KAZAKHSTAN: Kazakhstan tramples on religious freedom and convicts Teymur Akhmedov

JW.ORG (03.05.2017) – http://bit.ly/2qpZEbu – On May 2, 2017, an Astana court sentenced Teymur Akhmedov to five years in prison merely for sharing his religious beliefs with others. He is the first of Jehovah’s Witnesses in Kazakhstan to be criminally convicted for his religious activity since the nation’s independence in 1991.

Mr. Akhmedov has been in pretrial detention for over three months despite international efforts to have him released to house arrest pending trial. He is 61 years old, married and the father of three sons, and in poor health.

Punishing the exercise of religious freedom

Mr. Akhmedov’s ordeal began in January 2017 when Kazakhstan’s secret police, the National Security Committee (KNB), arrested him for allegedly violating Article 174(2) of Kazakhstan’s Criminal Code. The KNB accused him of “incitement of . . . religious hatred” for expressing his religious beliefs to others in private.

Judge Talgat Syrlybayev ruled that Mr. Akhmedov’s speech constituted “inciting religious discord” and promoted the “propaganda of exclusivity, superiority of citizens on grounds of their religion.” The judge also imposed a three-year ban on Mr. Akhmedov’s freedom to participate in “ideological religious activity”—effectively banning his worship.

Philip Brumley, General Counsel for Jehovah’s Witnesses, responded: “The authorities are grossly misapplying the law. In 2016, several men invited Teymur to an apartment to talk about his religious beliefs. They even came to his home. What Teymur didn’t know is that those discussions were secretly recorded and would be used later to fabricate a criminal case against him. This shows just how far the authorities are willing to go to repress and criminalize peaceful religious activity. This is a travesty of justice.”

The UN Human Rights Committee directed that Kazakhstan should amend its Constitution to protect freedom of religion and stated that it “is further concerned about the use of broadly formulated definitions of crimes and administrative offences in the Criminal Code, including in articles 174 and 404, the Administrative Code, and legislation on combating extremism, to punish individuals exercising their freedom of religion and belief with severe sanctions. . . . The State party should guarantee the effective exercise of freedom of religion and belief and the freedom to manifest a religion or belief in practice.”—Human Rights Committee, Concluding Observations on the Second Periodic Report of Kazakhstan, UN Doc. CCPR/C/KAZ/CO/2 (August 9, 2016).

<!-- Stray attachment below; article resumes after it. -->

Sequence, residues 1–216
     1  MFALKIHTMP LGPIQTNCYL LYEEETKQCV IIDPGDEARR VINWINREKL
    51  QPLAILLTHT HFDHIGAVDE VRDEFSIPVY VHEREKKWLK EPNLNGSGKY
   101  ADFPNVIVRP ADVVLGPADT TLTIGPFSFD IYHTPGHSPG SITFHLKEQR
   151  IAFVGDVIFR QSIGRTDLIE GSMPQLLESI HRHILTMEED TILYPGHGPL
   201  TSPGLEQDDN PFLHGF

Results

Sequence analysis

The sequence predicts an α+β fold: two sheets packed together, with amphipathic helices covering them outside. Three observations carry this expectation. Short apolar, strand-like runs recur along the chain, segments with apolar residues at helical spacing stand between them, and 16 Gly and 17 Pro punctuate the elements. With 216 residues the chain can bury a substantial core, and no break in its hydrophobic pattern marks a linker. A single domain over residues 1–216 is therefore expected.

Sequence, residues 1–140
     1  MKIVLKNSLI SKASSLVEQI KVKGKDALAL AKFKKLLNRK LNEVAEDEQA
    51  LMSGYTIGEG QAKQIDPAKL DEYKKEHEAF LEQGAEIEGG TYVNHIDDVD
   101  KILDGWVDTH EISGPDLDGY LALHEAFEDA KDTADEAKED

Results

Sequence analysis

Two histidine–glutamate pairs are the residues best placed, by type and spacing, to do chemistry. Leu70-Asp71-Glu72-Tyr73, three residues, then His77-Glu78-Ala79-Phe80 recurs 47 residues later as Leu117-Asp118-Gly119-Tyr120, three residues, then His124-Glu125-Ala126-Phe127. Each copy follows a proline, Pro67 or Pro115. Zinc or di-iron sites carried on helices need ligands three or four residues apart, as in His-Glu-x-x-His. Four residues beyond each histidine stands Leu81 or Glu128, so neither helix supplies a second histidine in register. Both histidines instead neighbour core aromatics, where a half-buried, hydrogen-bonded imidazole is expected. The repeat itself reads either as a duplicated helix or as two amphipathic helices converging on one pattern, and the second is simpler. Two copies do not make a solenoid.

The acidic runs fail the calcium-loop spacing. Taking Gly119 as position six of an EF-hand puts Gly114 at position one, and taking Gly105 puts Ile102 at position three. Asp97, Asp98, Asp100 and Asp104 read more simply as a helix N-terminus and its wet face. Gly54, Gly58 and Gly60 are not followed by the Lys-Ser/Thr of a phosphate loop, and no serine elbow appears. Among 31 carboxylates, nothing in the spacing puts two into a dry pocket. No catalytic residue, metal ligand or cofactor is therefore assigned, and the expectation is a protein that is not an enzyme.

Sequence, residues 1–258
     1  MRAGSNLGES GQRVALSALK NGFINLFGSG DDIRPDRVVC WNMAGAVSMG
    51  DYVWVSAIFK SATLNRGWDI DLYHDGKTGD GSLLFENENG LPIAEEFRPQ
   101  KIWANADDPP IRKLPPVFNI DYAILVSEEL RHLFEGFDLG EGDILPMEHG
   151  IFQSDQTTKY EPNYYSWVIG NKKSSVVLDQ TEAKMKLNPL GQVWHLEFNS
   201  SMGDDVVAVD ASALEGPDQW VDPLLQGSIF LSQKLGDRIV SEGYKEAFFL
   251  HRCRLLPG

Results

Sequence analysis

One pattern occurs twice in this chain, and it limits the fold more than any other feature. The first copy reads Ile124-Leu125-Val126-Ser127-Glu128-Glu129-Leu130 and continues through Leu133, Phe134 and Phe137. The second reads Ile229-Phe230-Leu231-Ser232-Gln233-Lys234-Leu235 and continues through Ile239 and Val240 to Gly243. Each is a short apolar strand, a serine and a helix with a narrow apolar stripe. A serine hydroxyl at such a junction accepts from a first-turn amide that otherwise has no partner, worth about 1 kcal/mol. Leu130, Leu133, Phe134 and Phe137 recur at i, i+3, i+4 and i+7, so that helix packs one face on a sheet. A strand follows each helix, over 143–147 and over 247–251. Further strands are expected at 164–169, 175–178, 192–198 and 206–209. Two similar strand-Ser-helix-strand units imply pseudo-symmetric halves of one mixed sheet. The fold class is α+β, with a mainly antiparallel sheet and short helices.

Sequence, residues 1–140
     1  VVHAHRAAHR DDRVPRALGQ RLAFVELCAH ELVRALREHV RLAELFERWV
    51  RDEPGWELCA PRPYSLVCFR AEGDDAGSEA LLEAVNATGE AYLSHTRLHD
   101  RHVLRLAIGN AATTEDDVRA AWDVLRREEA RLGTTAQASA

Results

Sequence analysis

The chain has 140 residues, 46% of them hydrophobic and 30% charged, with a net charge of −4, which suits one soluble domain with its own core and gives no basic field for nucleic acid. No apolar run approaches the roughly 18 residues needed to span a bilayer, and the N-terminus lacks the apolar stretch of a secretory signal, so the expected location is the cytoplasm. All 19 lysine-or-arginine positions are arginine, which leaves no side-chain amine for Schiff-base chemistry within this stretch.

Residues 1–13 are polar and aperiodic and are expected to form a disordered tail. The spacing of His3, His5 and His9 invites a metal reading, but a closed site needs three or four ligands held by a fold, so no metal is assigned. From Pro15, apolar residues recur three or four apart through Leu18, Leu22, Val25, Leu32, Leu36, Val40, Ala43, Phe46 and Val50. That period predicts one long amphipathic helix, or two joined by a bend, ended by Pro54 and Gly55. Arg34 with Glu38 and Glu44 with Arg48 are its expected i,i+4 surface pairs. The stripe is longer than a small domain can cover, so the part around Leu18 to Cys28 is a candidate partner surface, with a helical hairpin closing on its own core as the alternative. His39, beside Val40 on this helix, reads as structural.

Additionally, Mr. Akhmedov’s family is gravely concerned about his health. He suffers from a bleeding tumor (suspected cancer), but authorities have denied motions to change Mr. Akhmedov’s detention to house arrest and have not provided the medical attention that he urgently needs. His lawyers have filed complaints with the UN Working Group on Arbitrary Detention, the UN Special Rapporteur on freedom of religion and belief, and the UN Special Rapporteur on the rights to freedom of peaceful assembly and of association.

Will religious freedom survive in Kazakhstan?

Jehovah’s Witnesses in Kazakhstan have experienced numerous challenges in carrying out their religious activity. However, the unjust imprisonment of Mr. Akhmedov is a new and shocking attack on their worship. Representatives of the Witnesses continue their appeals to Kazakhstan’s authorities to respect the nation’s international commitments to uphold the fundamental freedom to worship without interference from the authorities.

Arguments in support of Mr. Akhmedov’s right to freedoms of religion and expression

During the second week of the trial, expert opinions from several renowned scholars were submitted to the court in support of Mr. Akhmedov’s right to express himself on religious matters.

    • “The statements of Mr. Akhmedov . . . [were] a peaceful exchange of religious ideas. . . . The content of that literature contains peaceful discussion on religious teachings and education . . . [and does] not contain signs of extremism . . . [or] incitement of social, ethnic, clan, racial or religious enmity or discord.”—Professor Emeritus Eileen Barker, London School of Economics and Political Science, University of London.

    • “Comments implying that the religion of Jehovah’s Witnesses is true and that other religions are false are typical of all religious discussions and are not evidence of extremism or violence.”—Dr. Massimo Introvigne, University of Turin, Italy.

    • “The statements made [by Mr. Akhmedov], and particularly the religious literature of Jehovah’s Witnesses, provide their sincere understanding of the Bible and its passages concerning many human activities that are sanctioned positively or negatively.”—James T. Richardson, J.D., Ph.D., Professor of Sociology and Judicial Studies, Emeritus, University of Nevada, Reno.

    These expert opinions support the evidence that Mr. Akhmedov cannot be guilty of “inciting religious discord” and “advocating [religious] superiority” as charged. His views on religious matters and his expressions of personal religious beliefs are within the framework of the law.


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